This opinion will be unpublished and

may not be cited except as provided by

Minn. Stat. § 480A.08, subd. 3 (1998).






Jeremiah James Rudolph, petitioner,





Patricia Jo Gaffney,



Filed May 16, 2000

Reversed and remanded

Crippen, Judge


Becker County District Court

File No. F99650625


William Kirschner, 118 Broadway, Suite 604, Fargo ND, 58102 (for appellant)


James W. Shoemaker, P.O. Box 1026-1009 Lake Avenue, Detroit Lakes, MN  56502 (for respondent)


            Considered and decided by Klaphake, Presiding Judge, Crippen, Judge, and Shumaker, Judge.

U N P U B L I S H E D   O P I N I O N


            Modifying the prior custody placement of the parties’ three-year old child, the trial court placed sole legal and physical custody with respondent Jeremiah Rudolph; in 1996, when respondent’s paternity was adjudicated, the court established joint legal custody of the child and placed physical custody with appellant Patricia Gaffney.  Appellant contends that the modification must be reversed because the court did not make findings under Minn. Stat. § 518.18(d)(iii) (1998) on whether the child was endangered and whether the custody modification would be more advantageous than harmful for the child.  Because these findings are absent and, on this record, cannot be inferred, we reverse and remand.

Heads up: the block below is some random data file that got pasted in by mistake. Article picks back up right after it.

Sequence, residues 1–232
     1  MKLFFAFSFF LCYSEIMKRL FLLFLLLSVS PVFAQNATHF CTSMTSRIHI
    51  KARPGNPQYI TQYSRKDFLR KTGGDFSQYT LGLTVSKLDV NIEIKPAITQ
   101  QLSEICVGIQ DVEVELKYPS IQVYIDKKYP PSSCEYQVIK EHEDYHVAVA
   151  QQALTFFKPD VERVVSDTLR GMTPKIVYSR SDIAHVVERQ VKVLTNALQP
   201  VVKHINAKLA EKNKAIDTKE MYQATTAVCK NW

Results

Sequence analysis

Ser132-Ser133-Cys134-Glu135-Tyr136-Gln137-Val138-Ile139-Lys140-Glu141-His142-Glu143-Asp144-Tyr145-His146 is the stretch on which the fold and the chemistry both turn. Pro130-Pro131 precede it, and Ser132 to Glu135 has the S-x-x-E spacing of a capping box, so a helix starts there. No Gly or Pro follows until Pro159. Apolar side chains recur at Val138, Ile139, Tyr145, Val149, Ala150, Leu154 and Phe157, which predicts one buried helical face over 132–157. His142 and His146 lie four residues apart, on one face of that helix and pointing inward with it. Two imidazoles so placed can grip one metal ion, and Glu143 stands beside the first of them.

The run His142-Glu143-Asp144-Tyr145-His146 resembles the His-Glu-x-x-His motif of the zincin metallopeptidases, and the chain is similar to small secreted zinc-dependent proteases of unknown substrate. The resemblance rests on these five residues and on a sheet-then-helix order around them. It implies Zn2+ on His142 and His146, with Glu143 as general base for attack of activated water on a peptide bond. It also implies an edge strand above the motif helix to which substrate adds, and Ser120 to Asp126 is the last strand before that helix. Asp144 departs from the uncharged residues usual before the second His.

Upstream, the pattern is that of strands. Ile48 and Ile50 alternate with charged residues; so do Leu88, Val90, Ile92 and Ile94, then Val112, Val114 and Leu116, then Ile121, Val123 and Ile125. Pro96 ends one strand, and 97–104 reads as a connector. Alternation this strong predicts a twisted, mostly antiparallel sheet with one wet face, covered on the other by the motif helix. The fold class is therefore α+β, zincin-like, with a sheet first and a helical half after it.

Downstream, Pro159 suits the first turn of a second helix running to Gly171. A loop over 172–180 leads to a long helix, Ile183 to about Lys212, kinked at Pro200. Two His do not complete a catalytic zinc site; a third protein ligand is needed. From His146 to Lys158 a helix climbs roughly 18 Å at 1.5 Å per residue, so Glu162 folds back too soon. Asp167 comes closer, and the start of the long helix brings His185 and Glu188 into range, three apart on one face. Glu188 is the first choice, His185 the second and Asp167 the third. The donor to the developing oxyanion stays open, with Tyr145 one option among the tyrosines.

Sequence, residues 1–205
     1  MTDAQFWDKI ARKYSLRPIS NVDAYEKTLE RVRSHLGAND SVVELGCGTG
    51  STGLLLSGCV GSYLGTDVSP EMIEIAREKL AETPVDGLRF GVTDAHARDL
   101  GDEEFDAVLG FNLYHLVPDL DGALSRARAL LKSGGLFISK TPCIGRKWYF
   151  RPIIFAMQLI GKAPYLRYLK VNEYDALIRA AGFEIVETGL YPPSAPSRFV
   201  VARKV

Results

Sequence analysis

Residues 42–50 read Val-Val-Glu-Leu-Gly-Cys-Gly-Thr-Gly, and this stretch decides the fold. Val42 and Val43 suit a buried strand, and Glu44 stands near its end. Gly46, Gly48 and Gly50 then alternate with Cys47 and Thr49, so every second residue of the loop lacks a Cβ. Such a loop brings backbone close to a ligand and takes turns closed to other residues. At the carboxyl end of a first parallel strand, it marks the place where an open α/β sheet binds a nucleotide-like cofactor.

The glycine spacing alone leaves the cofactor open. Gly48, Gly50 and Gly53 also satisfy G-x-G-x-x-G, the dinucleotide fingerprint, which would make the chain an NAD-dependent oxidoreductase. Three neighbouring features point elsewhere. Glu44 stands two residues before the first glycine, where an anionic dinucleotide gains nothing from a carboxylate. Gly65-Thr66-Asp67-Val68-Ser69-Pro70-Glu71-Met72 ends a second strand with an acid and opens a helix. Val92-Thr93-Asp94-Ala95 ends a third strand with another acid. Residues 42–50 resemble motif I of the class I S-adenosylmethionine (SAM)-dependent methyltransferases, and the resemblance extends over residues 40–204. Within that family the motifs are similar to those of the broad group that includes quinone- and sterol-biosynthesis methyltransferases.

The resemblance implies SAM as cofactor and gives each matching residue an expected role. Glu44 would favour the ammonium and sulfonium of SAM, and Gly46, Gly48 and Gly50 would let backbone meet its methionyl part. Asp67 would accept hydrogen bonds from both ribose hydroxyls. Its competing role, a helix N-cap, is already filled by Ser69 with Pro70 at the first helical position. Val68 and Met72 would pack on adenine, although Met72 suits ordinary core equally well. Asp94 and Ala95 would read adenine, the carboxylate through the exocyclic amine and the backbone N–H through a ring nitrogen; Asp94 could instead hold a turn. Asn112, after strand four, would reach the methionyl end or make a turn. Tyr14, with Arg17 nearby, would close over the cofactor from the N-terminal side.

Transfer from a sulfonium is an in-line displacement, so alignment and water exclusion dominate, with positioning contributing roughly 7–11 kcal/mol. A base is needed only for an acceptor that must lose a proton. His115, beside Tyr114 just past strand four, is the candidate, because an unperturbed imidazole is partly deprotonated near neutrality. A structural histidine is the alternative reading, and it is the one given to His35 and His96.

Respondent alleged the parties’ child was endangered in appellant’s custody, obtained an ex parte order awarding him temporary custody, and sought permanent custody of the child.  After a hearing, the trial court placed custody of the child with his father based on an analysis of the child’s best interests, finding that (a) when with appellant, the child “does not act appropriately” and has been occasionally uncontrollable; (b) the child missed a large amount of school when living with his mother; (c) appellant’s home was “untidy and unorganized” and she did not promptly attend to laundry and dishes; (d) appellant had an adjustment disorder, accompanied by a problem in relating to her child; and (e) appellant’s guidance has been “ineffective” to control the child’s behavior.  The trial court’s order lacks findings addressing the custody-modification standard set out in Minn. Stat. § 518.18 (1998). 


            We will not alter a custody-modification decision “unless the district court abused its discretion by making findings unsupported by the evidence or by improperly applying the law.”  Frauenshuh v. Giese, 599 N.W.2d 153, 156 (Minn. 1999) (citation omitted).  By alleging that the court erroneously modified custody without making findings under Minn. Stat. § 518.18, appellant alleges the court improperly applied the law. 

            Frauenshuh makes application of the custody-modification standard of Minn. Stat. § 518.18 mandatory.  See Frauenshuh, 599 N.W.2d at 159 (holding that requirements of Minn. Stat. § 518.18 for modification of custody apply “even where” parties “stipulated to a different standard in their dissolution decree”).[1]  Because there are no findings showing that the trial court applied Minn. Stat. § 518.18, the question becomes whether the lack of findings under that statute is harmless.  See Minn. R. Civ. P. 61 (requiring harmless error to be ignored).